Are you up for the challenge of actuarial work?
High school students competing for scholarships in the Project Math Minds Contest will be
introduced to common insurance concepts and work on a long-term project using Actuarial Mathematics.
The 2014 Project Math Minds Assignment
"The purpose of this Project Math Minds assignment is to introduce
the student to the basic math of debt, interest rates, and economics. This example in the assignment is centered on
paying for college.
A college degree can open many opportunities for anyone up for the challenge, but it is expensive. The Federal
Government gives billions of dollars in financial aid in the form of subsidized loans and grants. The primary goal of
this Project Math Minds project is to develop an estimate of the cost of going to college and the financial return
after leaving college." -
Taken from AF website
For project details and guidelines, go to
Project Math Minds on the Actuarial Foundation's website.
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Comments from Michael A. Castellani, sponsor of the Seoul International School Chapter of Mu Alpha Theta:
"I’m writing to you to share an experience I provided my students and thought you would find this of value.
Last year, I used The Actuarial Foundation’s Project Math Minds opportunity in an AP Statistics course as a
supplemental assignment to help strengthen student understanding of key concepts, give students a real life
scenario and to allow them to see the practical applications and context of real math problems.
The project was assigned to students around 2/3 of the way into the course, where students had already learned the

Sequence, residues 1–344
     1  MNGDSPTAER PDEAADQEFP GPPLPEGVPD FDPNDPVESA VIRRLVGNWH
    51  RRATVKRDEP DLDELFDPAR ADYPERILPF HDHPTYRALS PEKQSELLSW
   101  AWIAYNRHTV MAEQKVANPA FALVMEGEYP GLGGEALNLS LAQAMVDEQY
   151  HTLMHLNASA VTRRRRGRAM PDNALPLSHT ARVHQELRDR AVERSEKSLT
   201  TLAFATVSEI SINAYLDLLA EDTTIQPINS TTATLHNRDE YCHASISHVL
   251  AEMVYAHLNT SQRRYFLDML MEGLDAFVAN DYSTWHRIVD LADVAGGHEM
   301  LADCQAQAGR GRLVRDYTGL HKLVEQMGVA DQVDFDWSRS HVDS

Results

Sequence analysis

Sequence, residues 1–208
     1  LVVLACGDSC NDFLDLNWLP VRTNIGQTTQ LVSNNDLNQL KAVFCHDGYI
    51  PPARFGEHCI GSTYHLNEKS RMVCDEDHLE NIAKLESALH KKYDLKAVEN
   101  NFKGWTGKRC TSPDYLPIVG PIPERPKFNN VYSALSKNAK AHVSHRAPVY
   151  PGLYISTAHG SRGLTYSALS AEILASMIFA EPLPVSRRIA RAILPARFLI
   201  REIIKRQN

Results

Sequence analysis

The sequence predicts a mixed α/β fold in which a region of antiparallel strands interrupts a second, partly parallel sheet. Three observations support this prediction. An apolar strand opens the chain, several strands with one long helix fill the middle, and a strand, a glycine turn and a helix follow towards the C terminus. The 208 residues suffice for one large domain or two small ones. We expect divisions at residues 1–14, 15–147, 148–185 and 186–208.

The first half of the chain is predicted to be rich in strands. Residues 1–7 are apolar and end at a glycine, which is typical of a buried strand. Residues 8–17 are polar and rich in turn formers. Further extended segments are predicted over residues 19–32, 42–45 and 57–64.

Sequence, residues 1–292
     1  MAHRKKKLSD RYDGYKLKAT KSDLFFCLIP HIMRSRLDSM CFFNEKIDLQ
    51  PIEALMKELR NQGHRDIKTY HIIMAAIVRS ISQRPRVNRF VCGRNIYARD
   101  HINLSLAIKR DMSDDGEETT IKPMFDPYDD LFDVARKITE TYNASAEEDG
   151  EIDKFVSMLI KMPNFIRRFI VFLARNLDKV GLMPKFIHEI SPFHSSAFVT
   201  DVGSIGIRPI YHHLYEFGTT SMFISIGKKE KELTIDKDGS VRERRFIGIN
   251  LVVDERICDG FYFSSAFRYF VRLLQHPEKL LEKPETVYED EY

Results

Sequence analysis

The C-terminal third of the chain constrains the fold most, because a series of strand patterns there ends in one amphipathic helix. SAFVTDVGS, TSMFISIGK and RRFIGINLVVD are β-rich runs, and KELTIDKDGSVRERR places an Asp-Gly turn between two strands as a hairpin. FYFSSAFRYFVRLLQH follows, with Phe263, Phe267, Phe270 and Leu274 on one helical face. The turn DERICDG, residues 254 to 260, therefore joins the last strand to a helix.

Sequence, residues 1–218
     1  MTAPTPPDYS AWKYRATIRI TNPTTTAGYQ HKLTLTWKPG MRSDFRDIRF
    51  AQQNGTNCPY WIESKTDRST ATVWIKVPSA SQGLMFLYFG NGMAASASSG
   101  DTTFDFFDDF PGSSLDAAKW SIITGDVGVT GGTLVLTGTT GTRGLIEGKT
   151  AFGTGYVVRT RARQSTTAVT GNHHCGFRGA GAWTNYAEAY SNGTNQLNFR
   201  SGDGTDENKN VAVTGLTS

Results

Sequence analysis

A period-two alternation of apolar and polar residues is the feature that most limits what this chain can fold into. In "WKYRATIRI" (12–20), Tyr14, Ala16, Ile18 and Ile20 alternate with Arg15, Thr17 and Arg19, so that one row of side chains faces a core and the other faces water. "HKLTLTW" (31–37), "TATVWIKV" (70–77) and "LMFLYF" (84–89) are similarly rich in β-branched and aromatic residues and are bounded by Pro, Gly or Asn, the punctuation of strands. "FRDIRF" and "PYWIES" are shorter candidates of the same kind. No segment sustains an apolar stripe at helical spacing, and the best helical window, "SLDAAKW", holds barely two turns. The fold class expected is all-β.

basic and advanced principals of regression, completed probability & expected values/outcomes and been introduced to
inference (confidence intervals and significance testing). The students had to determine the most appropriate methods
to approach the problem and develop ways to compensate for the inherent flaws and missing information the assignment
provided (as in real life). Some approached this by researching information, some opened up to various alternative
key points (like impact of global warning or possible relationships of causes of incidents) and some students
considered even greater areas not focused on in AP statistics, but all students used it as an opportunity to concentrate
on their own approach to statistics as a course and to review & read ahead in preparation for the AP exam itself!
On top of everything they learned, one of my students won a $2,500 scholarship awarded via the Project Math Minds program.
I encourage you to take a look at The Actuarial Foundation’s Project Math Minds opportunity and have your students try it in
your AP Stats course. Learning real world, high level math problems is an invaluable tool for our AP Stats students."
2013
- First Place: Bianca Papa from West Forsyth HS in Cumming, GA won a $5,000 award.
2012
- First Place: Pushkar Aggarwal from Poolesville HS in Poolesville, MD won a $5,000 award.
- Second Place: Murali Subramanian & Alec Doederlein from the School of Science & Engineering Magnet in Dallas, TX
each won a $3,000 award.
- Third Place: Amy Glaskova from Shorecrest HS in Shoreline, WA & Sein Oh from the School of Science and Engineering
Magnet in Dallas, TX each won a $2,000 award.
2011
- Pushkar Aggarwal from Poolesville High School in Poolesville, MD won a $5,000 award.
- Alex Sher from John F. Kennedy High School in Bellmore, NY won a $4,000 award to Johns Hopkins
University in Baltimore.
2010
- Alex Houck from Farragut High School in Knoxville, TN won a $5,000 scholarship to the
University of Tennessee in Knoxville.
- Lucia Minah Yang from the Seoul International School in Seoul, Korea won a $2,500 scholarship.